ANNIE LAIRD: Welcome back, today we’re talking about water birth as an option during your birth with Barbara Harper. Barbara could you go into a little bit about what physiologically is going on with the baby? I know that there’s seems to be some concern maybe with hospital birth or trying to bring that into the hospital, you know, I think the biggest question that people unfamiliar with waterbirth have is well prevents the baby from breathing underwater. Could you go into little bit what happens physiologically with the baby during the process of birth in a waterbirth?

BARBARA HARPER: That’s the, used to be the number one question that people would ask me when they’d email me or call me up on the phone, “we’ll won’t the baby take a breath?” or they even use the “D” word “what if the baby drown?” And I say, “every baby grows in fluid and when it comes out in fluid it’s still attached to the umbilical cord and it’s getting it’s oxygen from the placenta. About 48 hours before a normal labor begins the baby signals from the brain that it’s long mature it’s ready to be born its 41 weeks and three days, that’s the average for a first time birth. You know and by the way due date are should be called gestates and babies are born on their birth dates not their due dates. But anyway, the baby signals all that and part of the signal on ready to transition from womb to room.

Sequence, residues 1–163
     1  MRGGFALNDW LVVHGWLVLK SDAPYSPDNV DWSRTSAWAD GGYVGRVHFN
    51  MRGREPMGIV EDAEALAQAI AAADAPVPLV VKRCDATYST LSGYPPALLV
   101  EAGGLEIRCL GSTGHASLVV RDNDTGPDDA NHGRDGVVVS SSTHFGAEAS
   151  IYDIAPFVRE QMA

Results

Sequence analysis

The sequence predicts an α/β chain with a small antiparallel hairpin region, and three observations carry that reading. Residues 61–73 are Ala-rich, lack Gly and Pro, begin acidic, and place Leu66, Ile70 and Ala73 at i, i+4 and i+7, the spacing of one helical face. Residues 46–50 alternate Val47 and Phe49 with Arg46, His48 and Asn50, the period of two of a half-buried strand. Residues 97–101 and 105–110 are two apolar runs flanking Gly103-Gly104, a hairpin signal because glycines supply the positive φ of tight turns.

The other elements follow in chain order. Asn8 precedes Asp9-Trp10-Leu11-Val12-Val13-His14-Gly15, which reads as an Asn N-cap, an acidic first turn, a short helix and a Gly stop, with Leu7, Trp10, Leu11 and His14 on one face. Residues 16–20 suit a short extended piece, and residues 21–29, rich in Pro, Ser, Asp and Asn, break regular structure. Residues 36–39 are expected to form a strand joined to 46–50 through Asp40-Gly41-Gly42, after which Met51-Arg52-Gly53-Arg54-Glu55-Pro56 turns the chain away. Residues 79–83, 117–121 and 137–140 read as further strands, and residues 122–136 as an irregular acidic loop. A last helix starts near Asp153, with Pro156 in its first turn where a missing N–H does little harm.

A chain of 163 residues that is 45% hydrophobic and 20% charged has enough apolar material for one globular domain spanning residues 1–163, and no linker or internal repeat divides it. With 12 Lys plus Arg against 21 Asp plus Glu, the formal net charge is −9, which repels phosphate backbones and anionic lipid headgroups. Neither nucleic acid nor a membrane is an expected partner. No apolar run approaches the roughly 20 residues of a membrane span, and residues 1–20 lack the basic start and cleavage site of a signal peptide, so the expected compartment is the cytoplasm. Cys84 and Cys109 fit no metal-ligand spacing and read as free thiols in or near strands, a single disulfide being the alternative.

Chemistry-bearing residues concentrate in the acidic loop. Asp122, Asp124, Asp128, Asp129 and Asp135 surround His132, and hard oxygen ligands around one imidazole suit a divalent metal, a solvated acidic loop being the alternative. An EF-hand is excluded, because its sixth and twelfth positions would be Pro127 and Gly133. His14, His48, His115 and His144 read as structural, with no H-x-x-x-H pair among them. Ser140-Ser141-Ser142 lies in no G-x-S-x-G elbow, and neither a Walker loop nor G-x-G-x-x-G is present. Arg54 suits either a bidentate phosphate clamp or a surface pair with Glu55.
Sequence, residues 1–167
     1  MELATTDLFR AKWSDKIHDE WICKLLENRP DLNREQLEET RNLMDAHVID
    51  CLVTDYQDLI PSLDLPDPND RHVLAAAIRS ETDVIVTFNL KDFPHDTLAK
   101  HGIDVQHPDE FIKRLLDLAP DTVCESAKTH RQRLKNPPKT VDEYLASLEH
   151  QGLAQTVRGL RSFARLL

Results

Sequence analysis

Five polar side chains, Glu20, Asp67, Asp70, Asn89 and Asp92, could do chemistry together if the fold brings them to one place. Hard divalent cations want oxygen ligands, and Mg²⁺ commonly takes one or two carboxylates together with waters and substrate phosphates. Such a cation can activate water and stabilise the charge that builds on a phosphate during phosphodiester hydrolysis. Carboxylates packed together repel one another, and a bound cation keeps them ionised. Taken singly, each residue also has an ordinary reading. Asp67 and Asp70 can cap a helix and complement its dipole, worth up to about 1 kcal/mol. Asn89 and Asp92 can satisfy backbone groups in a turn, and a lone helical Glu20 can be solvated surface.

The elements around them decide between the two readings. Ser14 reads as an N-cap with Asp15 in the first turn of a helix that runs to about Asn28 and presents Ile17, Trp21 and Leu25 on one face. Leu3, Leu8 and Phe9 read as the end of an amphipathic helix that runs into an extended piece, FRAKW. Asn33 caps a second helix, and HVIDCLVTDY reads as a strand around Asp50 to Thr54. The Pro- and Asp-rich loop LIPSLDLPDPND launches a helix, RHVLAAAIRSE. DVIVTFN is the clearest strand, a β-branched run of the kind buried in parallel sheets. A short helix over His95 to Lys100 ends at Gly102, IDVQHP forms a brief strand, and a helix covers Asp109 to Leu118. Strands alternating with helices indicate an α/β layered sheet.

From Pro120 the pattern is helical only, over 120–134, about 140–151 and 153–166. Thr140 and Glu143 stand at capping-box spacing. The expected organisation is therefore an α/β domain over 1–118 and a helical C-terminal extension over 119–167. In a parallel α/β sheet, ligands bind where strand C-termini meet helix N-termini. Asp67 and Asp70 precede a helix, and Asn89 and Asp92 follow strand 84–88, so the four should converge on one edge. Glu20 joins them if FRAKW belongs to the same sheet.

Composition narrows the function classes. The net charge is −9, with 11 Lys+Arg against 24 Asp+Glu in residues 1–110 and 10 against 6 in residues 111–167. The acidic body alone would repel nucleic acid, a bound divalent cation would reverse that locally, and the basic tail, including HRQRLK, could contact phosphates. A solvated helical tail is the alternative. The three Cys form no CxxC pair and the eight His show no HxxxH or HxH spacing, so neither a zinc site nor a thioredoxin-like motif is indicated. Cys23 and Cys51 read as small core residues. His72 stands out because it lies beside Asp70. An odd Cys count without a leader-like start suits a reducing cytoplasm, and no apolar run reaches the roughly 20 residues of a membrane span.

ANNIE LAIRD: I like that, I’m going to start using that “womb to room” that’s awesome

BARBARA HARPER: Yeah and it transitions to take place to grow a fetus is the womb the place to grow a newborn is your chest. And birth is the transition from fetus to newborn. And so the fetus has to get ready to make that transition. It’s the most critical period of human existence is that transition and the more normal we keep the labor the easier it is, easier it is for the baby to transition and the baby definitely take a breather inside the womb.

Its circulation bypasses the heart, it bypasses the kidney, it bypasses the liver, it bypasses the skin. And all of that is handled by the placenta, this wonderful oxygen tank that is attached to the baby by the umbilical cord. So all of that is working in the womb and as the baby comes out, it’s breathing mechanism hasn’t come online yet. It’s like, I tell moms all the time some babies are pissies and some babies are max. When the baby comes up out of the water some babies go “waaaaahhh!!!” right away and other babies take their transition.